Major Change To South Australian Electoral System Hidden From Voters


The South Australian election this weekend won’t be like any recent SA election. Which is a major problem, writes Geoff Russell*.

Many South Australians will be profoundly mislead about how the vote they make on March 17 will work to select the next Parliament.

It has been customary for decades to publish the Group Voting Tickets (GVT) used by parties to direct preferences for people choosing to vote 1 above the line in the Legislative Council (upper house) ballot.

Here are the GVTs for 2010 and 2014 on the ABC Election web pages. Group Voting Tickets became famous or infamous, depending on your view, when Nick Xenophon was elected to the SA upper house in 1997 with just 2,580 first preference votes. Meaning that 2,580 people put 1 above the line for his “No Pokies” group, but that he picked up the rest of the 74,709 votes that gave him victory via the preference flows determined by the various GVTs.

The mantra for that and all subsequent elections has always been vote 1 above the line or number all the boxes below the line.

South Australian senator Nick Xenophon.

And what are voters being told at pre-poll stations already? Almost exactly the same, according to a friend who voted last week: “Vote 1 above the line or number 12 below the line”.

But at the next State Election on March 17, there will be no Group Voting Tickets. So if you vote 1 above the line for a party which is eliminated, your vote will be trashed.

Unlike the Federal Senate election, you won’t be forced to number more than one, nor will you be told about the removal of Group Voting Tickets nor about the risk of your vote being trashed.

The Electoral Commission isn’t telling anybody about the changes. In particular they aren’t telling them that GVTs are gone, nor telling them about the risk that a number 1 vote above the line will be wasted if that party is eliminated. They aren’t telling them that 1 above the line on March 17, 2018 is nothing like one above the line was in 2014.

You’d think that it would be the duty of the Electoral Commission to advertise the abolition of a feature of State elections for so long. But not according to the Electoral Commission. Not only haven’t they done so, they have claimed in a phone call to me that to do so would be a breach of the electoral act.

I’ve asked them to clarify in writing exactly how the legislation prohibited this. They said they’d do so last week, but despite chasing, I’m still waiting.

So on March 17, at least two classes of voters could be profoundly mislead. First, those voters who vote 1 above the line for a small party will see their vote vanish if that party is eliminated during counting, instead of flowing to the second preference given on that party’s GVT.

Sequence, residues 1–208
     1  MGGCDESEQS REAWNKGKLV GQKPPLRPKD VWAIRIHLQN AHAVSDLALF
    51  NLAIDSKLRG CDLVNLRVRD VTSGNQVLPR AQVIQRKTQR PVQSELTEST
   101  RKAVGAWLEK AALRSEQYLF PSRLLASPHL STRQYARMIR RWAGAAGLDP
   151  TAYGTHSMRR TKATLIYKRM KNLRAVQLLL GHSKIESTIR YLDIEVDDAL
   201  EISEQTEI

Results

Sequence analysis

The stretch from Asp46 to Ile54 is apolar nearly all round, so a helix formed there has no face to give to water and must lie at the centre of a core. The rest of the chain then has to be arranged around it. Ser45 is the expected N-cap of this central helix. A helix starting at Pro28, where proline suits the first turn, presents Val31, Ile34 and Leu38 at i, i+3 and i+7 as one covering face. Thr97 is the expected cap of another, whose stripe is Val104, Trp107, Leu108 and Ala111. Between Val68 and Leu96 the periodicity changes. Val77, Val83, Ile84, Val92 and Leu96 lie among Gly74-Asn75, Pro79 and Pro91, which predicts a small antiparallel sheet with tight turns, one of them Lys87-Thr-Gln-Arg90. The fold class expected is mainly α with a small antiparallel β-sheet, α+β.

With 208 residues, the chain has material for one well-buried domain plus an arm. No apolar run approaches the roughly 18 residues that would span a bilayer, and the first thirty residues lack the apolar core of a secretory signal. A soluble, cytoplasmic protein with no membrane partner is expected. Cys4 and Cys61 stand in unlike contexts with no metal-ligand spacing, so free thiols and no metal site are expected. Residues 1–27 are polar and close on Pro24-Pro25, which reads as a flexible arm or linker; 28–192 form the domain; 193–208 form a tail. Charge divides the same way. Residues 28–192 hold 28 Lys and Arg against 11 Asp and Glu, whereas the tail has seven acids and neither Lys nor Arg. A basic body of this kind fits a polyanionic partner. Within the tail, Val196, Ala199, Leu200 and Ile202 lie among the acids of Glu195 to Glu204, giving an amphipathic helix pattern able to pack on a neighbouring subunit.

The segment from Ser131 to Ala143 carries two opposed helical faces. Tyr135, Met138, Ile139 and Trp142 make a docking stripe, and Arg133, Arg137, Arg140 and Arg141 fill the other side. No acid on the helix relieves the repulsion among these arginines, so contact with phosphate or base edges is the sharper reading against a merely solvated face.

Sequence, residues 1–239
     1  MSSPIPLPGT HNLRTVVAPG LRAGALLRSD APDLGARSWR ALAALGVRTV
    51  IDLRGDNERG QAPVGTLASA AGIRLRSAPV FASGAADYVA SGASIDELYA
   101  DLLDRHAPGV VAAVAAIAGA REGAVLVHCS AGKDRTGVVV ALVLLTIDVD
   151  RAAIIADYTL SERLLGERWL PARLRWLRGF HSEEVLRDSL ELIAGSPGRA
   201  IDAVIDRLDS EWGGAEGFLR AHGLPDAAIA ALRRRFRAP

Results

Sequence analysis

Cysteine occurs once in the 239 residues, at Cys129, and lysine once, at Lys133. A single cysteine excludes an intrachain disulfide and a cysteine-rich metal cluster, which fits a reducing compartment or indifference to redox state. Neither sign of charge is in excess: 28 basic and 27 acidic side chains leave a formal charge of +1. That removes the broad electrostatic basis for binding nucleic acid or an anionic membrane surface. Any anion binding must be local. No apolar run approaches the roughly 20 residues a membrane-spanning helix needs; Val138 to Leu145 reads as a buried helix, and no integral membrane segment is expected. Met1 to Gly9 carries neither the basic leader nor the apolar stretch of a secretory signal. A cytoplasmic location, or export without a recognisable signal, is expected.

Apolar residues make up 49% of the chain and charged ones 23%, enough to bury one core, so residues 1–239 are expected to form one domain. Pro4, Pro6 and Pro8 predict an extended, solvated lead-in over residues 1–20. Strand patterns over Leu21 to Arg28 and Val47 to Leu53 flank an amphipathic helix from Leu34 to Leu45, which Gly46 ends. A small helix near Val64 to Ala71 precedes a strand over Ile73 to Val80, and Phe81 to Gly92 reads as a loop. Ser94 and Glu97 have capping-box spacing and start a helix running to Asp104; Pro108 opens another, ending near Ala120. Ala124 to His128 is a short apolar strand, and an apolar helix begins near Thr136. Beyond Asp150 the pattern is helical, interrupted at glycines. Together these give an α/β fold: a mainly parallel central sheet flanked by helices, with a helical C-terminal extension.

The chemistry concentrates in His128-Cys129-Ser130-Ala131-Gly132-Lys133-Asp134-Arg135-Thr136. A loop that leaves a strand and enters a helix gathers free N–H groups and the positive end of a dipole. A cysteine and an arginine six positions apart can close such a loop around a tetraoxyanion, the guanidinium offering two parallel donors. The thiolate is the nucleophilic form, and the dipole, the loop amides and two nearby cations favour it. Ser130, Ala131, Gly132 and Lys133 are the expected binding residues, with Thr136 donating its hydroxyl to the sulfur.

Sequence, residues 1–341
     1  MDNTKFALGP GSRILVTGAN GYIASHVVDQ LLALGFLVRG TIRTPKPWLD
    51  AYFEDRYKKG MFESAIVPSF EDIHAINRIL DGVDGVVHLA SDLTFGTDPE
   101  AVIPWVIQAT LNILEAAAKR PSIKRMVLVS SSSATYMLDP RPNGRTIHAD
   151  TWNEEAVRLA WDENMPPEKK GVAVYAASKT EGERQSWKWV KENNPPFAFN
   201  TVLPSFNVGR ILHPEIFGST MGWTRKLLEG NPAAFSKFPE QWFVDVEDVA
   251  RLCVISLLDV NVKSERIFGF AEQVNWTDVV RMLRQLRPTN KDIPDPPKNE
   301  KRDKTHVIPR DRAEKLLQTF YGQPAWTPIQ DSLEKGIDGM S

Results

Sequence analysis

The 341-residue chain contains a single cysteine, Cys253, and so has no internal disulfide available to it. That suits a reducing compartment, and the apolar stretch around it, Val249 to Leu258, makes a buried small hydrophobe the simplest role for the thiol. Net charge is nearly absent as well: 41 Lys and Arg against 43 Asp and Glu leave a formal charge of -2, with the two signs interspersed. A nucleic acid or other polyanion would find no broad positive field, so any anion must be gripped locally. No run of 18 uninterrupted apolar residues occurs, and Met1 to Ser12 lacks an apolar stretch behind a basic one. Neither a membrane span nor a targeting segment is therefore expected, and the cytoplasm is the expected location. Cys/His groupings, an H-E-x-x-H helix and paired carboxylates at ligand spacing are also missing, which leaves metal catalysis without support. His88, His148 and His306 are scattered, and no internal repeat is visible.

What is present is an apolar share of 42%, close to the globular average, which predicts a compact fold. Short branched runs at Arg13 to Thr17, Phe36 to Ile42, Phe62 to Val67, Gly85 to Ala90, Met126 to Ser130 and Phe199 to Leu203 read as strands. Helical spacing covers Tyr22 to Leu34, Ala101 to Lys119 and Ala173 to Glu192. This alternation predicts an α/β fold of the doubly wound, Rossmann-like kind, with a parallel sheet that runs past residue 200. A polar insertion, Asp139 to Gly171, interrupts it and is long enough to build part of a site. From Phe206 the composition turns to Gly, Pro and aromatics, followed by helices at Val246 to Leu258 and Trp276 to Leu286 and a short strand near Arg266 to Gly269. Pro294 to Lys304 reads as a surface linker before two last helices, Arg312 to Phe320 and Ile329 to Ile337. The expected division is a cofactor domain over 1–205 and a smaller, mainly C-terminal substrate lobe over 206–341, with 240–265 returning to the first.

The second group to be mislead are those holding a How To Vote card from any party in one hand and a ballot paper in the other. The How To Vote card will have a list of parties marked 1 to whatever above the line. How many people will assume that this is what it’s always been previously? Namely, the order of preference flows if they simply vote 1 above the line?

On the ballot they’ll be told that they can provide a different ordering of parties if they wish, or simply vote 1. How many will presume that by simply voting 1, they’ll get what they’ve always got – the preferences worked out by inter party haggling?

Whose fault is this mess? That’s a very interesting question. Since I haven’t yet received the official response to my official complaint from the Electoral Commission, I’ve no idea. But watch this space.

* Declaration of interest: Geoff Russell is running for the Animal Justice Party in the lower house seat of Florey.

Geoff Russell is a regular contributor to New Matilda. He has qualifications in mathematics and has written software all of his working life, but in the past decade has devoted increasing time to writing non-fiction with a simple goal... make the world a better place. A three-decade vegan and member of the Animal Justice Party, his first book in 2009 was 'CSIRO Perfidy', a critique of the high-red-meat CSIRO 'Total Wellbeing diet'; the most environmentally destructive diet on the planet. His concerns about climate change and the ineffectiveness of renewables led to a re-examination of his lifelong opposition to nuclear power. After considerable research he realised that the reasons people fear nuclear are built on obsolete knowledge about DNA and cancer. Geoff's second book 'GreenJacked! Derailing environmental action on climate change' is an e-book available on Amazon. He has been a regular contributor to since 2008 and has had pieces published in The Monthly, Australasian Science and a number of Australian newspapers.